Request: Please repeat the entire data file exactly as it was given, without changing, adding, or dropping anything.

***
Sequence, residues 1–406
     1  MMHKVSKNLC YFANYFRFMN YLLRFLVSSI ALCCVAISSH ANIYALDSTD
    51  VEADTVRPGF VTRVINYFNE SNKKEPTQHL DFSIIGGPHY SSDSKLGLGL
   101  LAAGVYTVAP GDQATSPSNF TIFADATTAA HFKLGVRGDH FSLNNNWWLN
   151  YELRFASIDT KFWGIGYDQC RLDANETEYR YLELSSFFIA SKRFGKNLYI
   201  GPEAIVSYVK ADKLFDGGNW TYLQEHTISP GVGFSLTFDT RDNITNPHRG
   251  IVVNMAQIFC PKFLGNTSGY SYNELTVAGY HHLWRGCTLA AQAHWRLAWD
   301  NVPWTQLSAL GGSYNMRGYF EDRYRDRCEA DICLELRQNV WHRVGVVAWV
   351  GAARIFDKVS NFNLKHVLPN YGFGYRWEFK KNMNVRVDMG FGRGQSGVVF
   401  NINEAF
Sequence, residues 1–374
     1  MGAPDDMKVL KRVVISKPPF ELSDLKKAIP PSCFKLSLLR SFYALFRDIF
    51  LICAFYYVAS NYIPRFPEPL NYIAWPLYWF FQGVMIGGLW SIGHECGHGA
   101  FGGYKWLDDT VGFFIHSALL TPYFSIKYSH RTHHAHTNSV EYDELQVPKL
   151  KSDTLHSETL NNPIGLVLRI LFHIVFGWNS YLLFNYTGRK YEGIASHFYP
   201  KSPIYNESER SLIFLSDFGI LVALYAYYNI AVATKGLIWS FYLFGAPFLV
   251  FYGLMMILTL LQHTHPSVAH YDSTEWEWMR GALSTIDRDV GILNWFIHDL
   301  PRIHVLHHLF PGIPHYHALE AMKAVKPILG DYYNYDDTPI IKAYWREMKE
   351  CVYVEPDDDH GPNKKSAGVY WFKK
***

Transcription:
Sequence, residues 1–406
     1  MMHKVSKNLC YFANYFRFMN YLLRFLVSSI ALCCVAISSH ANIYALDSTD
    51  VEADTVRPGF VTRVINYFNE SNKKEPTQHL DFSIIGGPHY SSDSKLGLGL
   101  LAAGVYTVAP GDQATSPSNF TIFADATTAA HFKLGVRGDH FSLNNNWWLN
   151  YELRFASIDT KFWGIGYDQC RLDANETEYR YLELSSFFIA SKRFGKNLYI
   201  GPEAIVSYVK ADKLFDGGNW TYLQEHTISP GVGFSLTFDT RDNITNPHRG
   251  IVVNMAQIFC PKFLGNTSGY SYNELTVAGY HHLWRGCTLA AQAHWRLAWD
   301  NVPWTQLSAL GGSYNMRGYF EDRYRDRCEA DICLELRQNV WHRVGVVAWV
   351  GAARIFDKVS NFNLKHVLPN YGFGYRWEFK KNMNVRVDMG FGRGQSGVVF
   401  NINEAF
Sequence, residues 1–374
     1  MGAPDDMKVL KRVVISKPPF ELSDLKKAIP PSCFKLSLLR SFYALFRDIF
    51  LICAFYYVAS NYIPRFPEPL NYIAWPLYWF FQGVMIGGLW SIGHECGHGA
   101  FGGYKWLDDT VGFFIHSALL TPYFSIKYSH RTHHAHTNSV EYDELQVPKL
   151  KSDTLHSETL NNPIGLVLRI LFHIVFGWNS YLLFNYTGRK YEGIASHFYP
   201  KSPIYNESER SLIFLSDFGI LVALYAYYNI AVATKGLIWS FYLFGAPFLV
   251  FYGLMMILTL LQHTHPSVAH YDSTEWEWMR GALSTIDRDV GILNWFIHDL
   301  PRIHVLHHLF PGIPHYHALE AMKAVKPILG DYYNYDDTPI IKAYWREMKE
   351  CVYVEPDDDH GPNKKSAGVY WFKK